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Outdoor Retailer Winter Market 2011: An Emerging Revolution in Waterproof-Breathable Fabric Technologies – It’s Not Just Gore-Tex Versus eVent Anymore!

Since 2004, when Backpacking Light published Alan Dixon’s manifesto on Waterproof Breathable Fabric Technologies, we have been a “whisper in the wilderness” extolling the benefits of truly breathable fabrics, like eVent. Now we are seeing the beginning of a waterproof-breathable fabric revolution.

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by Will Rietveld | 2011-02-01 00:10:00-07

Introduction

Gore-Tex created a thin waterproof-breathable membrane of expanded PTFE (polytetrafluoroethylene) about 30 years ago and has dominated the waterproof-breathable rainwear category ever since. eVent’s more breathable technology has challenged Gore-Tex - and Backpacking Light has emphasized that difference for the benefit of our readers - but Gore’s marketing has nevertheless established Gore-Tex as the “gold standard” for waterproof-breathable jackets. Finally, after many years with Gore-Tex as the status quo and little change, Gore’s supremacy is being challenged by a number of companies introducing new technologies and backing them with marketing efforts sufficient to bring about significant change in this category. And technology-loving outdoor enthusiasts, like our readers, are the spectators cheering them on as well as the beneficiaries of the improved performance.

Outdoor Retailer Winter Market 2011: An Emerging Revolution in Waterproof-Breathable Fabric Technologies – It’s Not Just Gore-Tex Versus eVENT Anymore! - 1
One thing the Gore-Tex challengers have in common is that they all have Gore-Tex in their crosshairs. Here is Columbia’s display at Winter 2011 Outdoor Retailer.

We are seeing the beginning of a waterproof-breathable fabric revolution, where new innovations are being marketed on the basis of technology differences, rather than just hype (but the hype is still there, for consumers who don’t want to be bothered with fabric technologies and physics). The challengers are actually explaining the technology (somewhat) to help consumers understand how their innovations can possibly be better than Gore-Tex.

The Contenders

We are already familiar with Gore-Tex and eVent. By no means are they standing still; Gore is introducing Active Shell, their lightest, best performing construction yet, and eVent has expanded their outreach by offering “customized solutions and branding flexibility.” The new players are: Columbia, which is rolling out their Omni-Dry technology this spring; Polartec, which is introducing NeoShell this fall; and Mountain Hardwear, which is introducing DryQ this fall.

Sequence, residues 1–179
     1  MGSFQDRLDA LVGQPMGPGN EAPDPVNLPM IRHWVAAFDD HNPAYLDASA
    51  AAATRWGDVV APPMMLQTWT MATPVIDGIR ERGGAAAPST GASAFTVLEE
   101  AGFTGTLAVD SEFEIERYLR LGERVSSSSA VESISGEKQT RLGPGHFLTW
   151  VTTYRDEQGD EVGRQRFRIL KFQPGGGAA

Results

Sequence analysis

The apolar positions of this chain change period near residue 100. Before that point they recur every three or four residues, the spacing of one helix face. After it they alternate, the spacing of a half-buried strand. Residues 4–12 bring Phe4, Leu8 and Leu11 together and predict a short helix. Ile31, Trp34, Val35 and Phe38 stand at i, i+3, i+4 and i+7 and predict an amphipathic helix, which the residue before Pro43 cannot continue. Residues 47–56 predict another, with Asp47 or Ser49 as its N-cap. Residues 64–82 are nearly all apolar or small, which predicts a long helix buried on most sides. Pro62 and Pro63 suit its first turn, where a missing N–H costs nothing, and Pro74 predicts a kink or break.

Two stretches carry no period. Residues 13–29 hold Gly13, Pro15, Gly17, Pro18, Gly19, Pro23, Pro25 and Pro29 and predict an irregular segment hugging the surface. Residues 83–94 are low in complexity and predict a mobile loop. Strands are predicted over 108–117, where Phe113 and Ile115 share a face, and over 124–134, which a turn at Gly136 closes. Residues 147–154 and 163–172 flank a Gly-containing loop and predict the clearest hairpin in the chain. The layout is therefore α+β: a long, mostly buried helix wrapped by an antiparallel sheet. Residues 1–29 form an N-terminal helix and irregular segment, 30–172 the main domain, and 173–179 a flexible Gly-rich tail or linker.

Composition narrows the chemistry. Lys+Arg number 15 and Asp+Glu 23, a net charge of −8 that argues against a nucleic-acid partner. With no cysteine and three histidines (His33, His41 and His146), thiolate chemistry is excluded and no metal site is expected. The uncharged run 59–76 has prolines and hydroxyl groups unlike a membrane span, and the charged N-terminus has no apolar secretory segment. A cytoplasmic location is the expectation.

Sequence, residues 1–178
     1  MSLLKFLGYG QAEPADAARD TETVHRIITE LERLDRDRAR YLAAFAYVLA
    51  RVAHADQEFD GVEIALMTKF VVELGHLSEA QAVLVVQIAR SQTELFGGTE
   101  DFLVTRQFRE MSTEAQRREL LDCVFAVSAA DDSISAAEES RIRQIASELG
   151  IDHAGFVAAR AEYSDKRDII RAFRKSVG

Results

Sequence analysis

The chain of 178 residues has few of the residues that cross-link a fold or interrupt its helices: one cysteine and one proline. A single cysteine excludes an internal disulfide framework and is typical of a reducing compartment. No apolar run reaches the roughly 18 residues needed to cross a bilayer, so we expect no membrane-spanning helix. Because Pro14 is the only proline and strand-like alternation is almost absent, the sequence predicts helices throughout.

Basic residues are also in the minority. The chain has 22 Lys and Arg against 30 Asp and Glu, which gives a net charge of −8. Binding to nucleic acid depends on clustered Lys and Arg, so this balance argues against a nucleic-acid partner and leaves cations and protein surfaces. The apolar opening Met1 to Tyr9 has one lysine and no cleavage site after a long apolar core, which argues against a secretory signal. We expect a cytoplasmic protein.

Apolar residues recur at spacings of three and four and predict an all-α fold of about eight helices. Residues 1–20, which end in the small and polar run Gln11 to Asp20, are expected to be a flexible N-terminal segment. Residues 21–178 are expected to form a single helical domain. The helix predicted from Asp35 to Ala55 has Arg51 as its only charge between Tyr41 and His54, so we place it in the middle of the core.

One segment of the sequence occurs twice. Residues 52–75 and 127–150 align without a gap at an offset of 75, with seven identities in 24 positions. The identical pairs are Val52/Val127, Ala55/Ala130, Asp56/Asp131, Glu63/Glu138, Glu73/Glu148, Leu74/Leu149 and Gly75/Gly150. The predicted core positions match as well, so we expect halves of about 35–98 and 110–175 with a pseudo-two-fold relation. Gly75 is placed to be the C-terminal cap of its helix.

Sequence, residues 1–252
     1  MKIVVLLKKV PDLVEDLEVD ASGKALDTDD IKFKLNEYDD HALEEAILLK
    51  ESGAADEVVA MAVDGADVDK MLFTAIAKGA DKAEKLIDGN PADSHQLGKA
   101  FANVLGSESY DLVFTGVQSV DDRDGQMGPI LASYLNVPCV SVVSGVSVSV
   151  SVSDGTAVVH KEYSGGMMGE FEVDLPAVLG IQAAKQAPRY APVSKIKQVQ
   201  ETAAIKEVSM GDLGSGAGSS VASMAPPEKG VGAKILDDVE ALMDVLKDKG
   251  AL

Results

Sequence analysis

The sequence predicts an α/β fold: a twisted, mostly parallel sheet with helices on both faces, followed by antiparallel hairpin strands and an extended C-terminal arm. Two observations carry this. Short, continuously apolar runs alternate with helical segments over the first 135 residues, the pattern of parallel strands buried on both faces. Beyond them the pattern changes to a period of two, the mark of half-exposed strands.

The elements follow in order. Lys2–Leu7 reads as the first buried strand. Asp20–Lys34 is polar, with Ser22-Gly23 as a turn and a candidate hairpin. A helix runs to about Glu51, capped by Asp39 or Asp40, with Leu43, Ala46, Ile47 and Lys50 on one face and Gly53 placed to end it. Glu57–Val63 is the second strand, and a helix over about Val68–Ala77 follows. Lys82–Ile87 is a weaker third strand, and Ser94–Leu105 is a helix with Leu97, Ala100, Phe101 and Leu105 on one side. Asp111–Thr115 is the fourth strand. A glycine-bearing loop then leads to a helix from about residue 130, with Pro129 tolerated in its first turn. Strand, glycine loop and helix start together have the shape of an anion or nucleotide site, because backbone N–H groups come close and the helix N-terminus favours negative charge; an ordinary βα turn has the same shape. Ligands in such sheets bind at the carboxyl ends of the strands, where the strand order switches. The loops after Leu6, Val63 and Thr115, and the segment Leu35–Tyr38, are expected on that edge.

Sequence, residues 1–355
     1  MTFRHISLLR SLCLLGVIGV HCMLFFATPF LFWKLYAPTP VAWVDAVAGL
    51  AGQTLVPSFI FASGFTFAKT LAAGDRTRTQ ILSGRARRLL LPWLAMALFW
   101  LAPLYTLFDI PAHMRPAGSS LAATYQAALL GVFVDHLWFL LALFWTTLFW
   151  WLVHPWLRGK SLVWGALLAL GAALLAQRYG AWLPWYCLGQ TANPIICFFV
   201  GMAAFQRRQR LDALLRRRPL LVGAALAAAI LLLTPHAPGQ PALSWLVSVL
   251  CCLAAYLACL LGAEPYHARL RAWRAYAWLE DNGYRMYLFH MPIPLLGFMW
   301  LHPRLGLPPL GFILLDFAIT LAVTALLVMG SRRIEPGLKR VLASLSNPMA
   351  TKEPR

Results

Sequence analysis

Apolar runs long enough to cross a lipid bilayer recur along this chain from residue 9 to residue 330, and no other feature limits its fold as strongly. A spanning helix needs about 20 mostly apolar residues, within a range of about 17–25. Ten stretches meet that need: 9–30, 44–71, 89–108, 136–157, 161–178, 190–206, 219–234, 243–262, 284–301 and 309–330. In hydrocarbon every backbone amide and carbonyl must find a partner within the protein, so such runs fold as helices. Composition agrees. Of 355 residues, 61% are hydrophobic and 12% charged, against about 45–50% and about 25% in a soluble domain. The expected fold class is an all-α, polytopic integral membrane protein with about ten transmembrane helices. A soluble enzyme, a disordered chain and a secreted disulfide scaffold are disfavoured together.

That’s a total of five major players providing new technologies in the high-end waterproof-breathable fabric category. All are claiming to be different from each other, and all are claiming to be more breathable compared to the “industry standard” (aka traditional Gore-Tex). And many are focusing on thinner, lighter fabric constructions to create garments that perform better in high exertion activities.

It’s the biggest wave of new waterproof-breathable technologies ever, so what are the differences?

The Key Differences

Because of marketing, Gore-Tex has become the gold standard for waterproof-breathables. But we all know that Gore’s approach puts more emphasis on the word “waterproof” (“guaranteed to keep you dry”) than it does on the word “breathable.” Indeed, Gore-Tex garments are waterproof, at least for the first year or so, but breathable - that’s a stretch. Gore-Tex breathability, which is based on vapor diffusion, requires the interior of the jacket to warm up sufficiently so sweat turns into water vapor, because only water vapor can escape to the outside through the membrane’s tiny pores. In Alan Dixon’s classic article on Waterproof Breathable Fabric Technologies: A Comprehensive Primer and State of the Market Technology Review, a key point he makes is that Gore-Tex is most efficient at transferring moisture at high humidity levels. That means the wearer must first get the jacket steamed up real good inside, then its “breathable” performance kicks in. You might legitimately ask: “why pay big bucks for that?” or “they call that breathable?”

Outdoor Retailer Winter Market 2011: An Emerging Revolution in Waterproof-Breathable Fabric Technologies – It’s Not Just Gore-Tex Versus eVENT Anymore! - 2
The anatomy of a traditional Gore-Tex fabric construction. The lower layer labeled “protection” is a thin polyurethane layer to protect the ePTFE membrane from becoming fouled by body oils, sunscreen, insect repellent, etc. It’s also the weak link because it minimizes the air permeability of the membrane.

To address this issue, many manufacturers have added workarounds to Gore-Tex jackets like pit zips and core vents to provide more ventilation, to help vent moisture and improve comfort. Note however that supplemental ventilation is counterproductive to breathability through the Gore-Tex fabric, because ventilation lowers the humidity, so there is less diffusion of water vapor through the membrane. If that’s the case, then what is the membrane accomplishing?

Enter eVent and three newcomers. The key difference in their technologies compared to Gore-Tex is air permeability, which allows moisture transport by convection as well as vapor diffusion. The nemesis to breathability in Gore’s waterproof-breathable construction is a thin polyurethane layer necessary to protect its ePTFE membrane from becoming fouled by body oils. The polyurethane layer limits Gore-Tex’s breathability to the process of vapor diffusion only, and eliminates any air permeability directly through the fabric. eVent’s breakthrough is their oleophobic (oil-repellent) ePTFE membrane that does not require a protective PU layer; thus the fabric does have some air permeability, which enhances the direct venting of water vapor and wearer comfort.